Japan second-quarter GDP blows past expectations on robust domestic demand

TOKYO (Reuters) - Japan’s economy expanded at the fastest pace in more than two years in the second quarter as consumer and company spending picked up, highlighting a long-awaited bounce in domestic demand.

The world’s third-largest economy expanded by a much stronger-than-expected annualized rate of 4.0 percent in April-June, posting its longest uninterrupted run of growth in a decade, government data showed on Monday.

Activity is expected to continue to improve in coming quarters, offering the Bank of Japan (BOJ) hope that a tight labor market is finally starting to boost wages and consumer spending, which in turn should make it easier to generate sustained inflation.

The rosy data was also a vindication for Japanese Prime Minister Shinzo Abe’s government, which has faced criticism that its economic agenda has not done enough to revive the country’s fortunes.

“The engines of consumer spending and capital expenditure both fired well in the second quarter, and that’s why domestic demand was so strong,” said Hidenobu Tokuda, senior economist at Mizuho Research Institute.

“The pace of growth may moderate slightly, but we are still in recovery mode. This is a positive development for inflation.”

Gross domestic product expanded an annualized 4.0 percent in April-June, government data showed, more than the median estimate for 2.5 percent annualized growth and the biggest increase since January-March 2015.

Compared to the previous quarter, the economy expanded 1.0 percent, versus the median estimate for 0.6 percent growth.

Japan’s growth had been largely reliant on robust exports earlier in the year, though there were signs private consumption was picking up.

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Annualized GDP for previous quarter was revised up to a 1.5 percent increase, while quarterly real (inflation adjusted) GDP was revised up to 0.4 percent growth from a 0.3 percent increase.

The economy grew for six straight quarters in April-June. The last time the economy had a run of six consecutive quarters of growth was January-March 2005 through April-June 2006.

Private consumption, which accounts for about two-thirds of GDP, rose 0.9 percent from the previous quarter, more than the median estimate of 0.5 percent growth.

That marked the fastest expansion in more than three years as shoppers splashed out on durable goods such as cars and home appliances. Consumers also spent more money on dining out, the data showed. These are all encouraging signs that consumer spending is no longer the weak spot in Japan’s economic outlook.

Employees’ wages rose 0.7 percent in April-June from the previous quarter, which was the biggest increase since July-September last year and another sign of the economy’s vigor.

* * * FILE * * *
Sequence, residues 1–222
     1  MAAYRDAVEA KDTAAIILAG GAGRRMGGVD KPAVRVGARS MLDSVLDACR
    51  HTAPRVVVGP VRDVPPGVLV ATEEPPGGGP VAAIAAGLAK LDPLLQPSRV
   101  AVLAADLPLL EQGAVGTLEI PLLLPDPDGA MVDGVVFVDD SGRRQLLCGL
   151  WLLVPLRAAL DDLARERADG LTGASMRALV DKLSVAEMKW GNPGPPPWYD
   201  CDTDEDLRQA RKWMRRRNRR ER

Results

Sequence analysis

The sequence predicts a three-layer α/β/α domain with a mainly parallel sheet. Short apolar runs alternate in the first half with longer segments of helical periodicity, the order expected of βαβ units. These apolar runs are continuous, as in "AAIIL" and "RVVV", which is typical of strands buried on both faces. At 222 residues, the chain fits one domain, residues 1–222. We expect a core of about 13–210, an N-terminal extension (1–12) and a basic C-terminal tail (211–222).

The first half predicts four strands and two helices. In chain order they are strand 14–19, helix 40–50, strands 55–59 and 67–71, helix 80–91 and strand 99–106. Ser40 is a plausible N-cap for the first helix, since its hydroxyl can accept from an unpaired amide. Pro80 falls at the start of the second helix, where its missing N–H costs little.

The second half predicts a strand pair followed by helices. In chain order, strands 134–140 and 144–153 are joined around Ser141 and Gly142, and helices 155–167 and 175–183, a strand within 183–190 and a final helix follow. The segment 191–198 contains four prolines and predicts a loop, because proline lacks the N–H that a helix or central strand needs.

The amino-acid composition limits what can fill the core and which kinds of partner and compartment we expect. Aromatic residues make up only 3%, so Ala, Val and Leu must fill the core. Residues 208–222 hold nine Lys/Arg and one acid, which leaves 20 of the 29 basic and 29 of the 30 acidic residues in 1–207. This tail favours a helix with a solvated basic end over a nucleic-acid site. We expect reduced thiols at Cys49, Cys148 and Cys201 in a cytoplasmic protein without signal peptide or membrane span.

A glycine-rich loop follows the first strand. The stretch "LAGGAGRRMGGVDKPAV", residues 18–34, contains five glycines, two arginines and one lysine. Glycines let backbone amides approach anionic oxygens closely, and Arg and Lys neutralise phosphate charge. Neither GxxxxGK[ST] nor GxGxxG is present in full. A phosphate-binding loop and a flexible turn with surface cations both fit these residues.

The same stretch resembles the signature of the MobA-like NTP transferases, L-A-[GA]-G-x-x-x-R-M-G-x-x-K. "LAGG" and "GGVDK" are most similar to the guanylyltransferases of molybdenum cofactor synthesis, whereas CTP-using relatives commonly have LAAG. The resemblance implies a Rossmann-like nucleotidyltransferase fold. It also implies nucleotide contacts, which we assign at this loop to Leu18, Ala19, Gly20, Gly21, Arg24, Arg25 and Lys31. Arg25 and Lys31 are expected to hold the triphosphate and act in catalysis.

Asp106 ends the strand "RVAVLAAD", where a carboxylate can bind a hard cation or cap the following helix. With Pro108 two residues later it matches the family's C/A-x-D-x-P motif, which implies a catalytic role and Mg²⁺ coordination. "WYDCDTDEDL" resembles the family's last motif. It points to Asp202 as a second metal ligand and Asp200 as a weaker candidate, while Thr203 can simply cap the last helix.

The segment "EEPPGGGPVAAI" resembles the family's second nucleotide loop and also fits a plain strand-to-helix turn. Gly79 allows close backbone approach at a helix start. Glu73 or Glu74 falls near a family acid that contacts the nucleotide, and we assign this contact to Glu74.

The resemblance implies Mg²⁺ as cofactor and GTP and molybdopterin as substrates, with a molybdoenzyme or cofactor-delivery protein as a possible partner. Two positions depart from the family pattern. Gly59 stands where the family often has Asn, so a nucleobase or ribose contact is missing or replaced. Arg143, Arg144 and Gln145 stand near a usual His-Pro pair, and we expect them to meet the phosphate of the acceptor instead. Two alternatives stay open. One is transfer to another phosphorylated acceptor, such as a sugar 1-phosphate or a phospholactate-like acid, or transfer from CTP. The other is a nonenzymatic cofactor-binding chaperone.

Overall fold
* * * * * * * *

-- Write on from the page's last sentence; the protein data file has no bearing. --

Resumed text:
“The fact that the economy was able to grow this much without gains in exports shows our fundamentals are solid,” said Hiroshi Miyazaki, senior economist at Mitsubishi UFJ Morgan Stanley Securities.

“Consumption gains could slow a little in the following quarter, but the foundations for a recover in consumer spending are in place.”

Capital expenditure jumped by 2.4 percent in April-June from the previous quarter, doubling the median estimate for a 1.2 percent increase. That was the fastest growth in business investment since January-March 2014 as companies spent more on software and construction equipment.

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Japanese Economy Minister Toshimitsu Motegi was more cautious on the outlook for domestic demand and pledged to implement extra measures to strengthen the economy.

“If you ask me whether private consumption has fully recovered, I would say it still lacks strength in some areas, which will need to be followed with policy,” Motegi told reporters.

“We’ll make sure that the domestic demand-led recovery continues. What is needed is supply-side reform. We’ll focus our efforts on human resource investment, improvement in productivity, and new growth strategies.”

While growth was faster than expected, it is not expected to nudge the Bank of Japan into dismantling its massive stimulus program any time soon, as inflation remains stubbornly weak.

External demand subtracted 0.3 percentage point from GDP growth in April-June in part due to an increase in imports. This is notable because Japan usually relies on exports to drive growth.

Since launching quantitative easing in April 2013, the BOJ has pushed back the timing for reaching its 2 percent inflation target six times due in part to weak consumer spending.

The GDP data for April-June show private consumption is finally starting to move in the direction that the BOJ and other government ministers have long predicted.

Reporting by Stanley White and Leika Kihara; Additional reporting by Tetsushi Kajimoto; Editing by Eric Meijer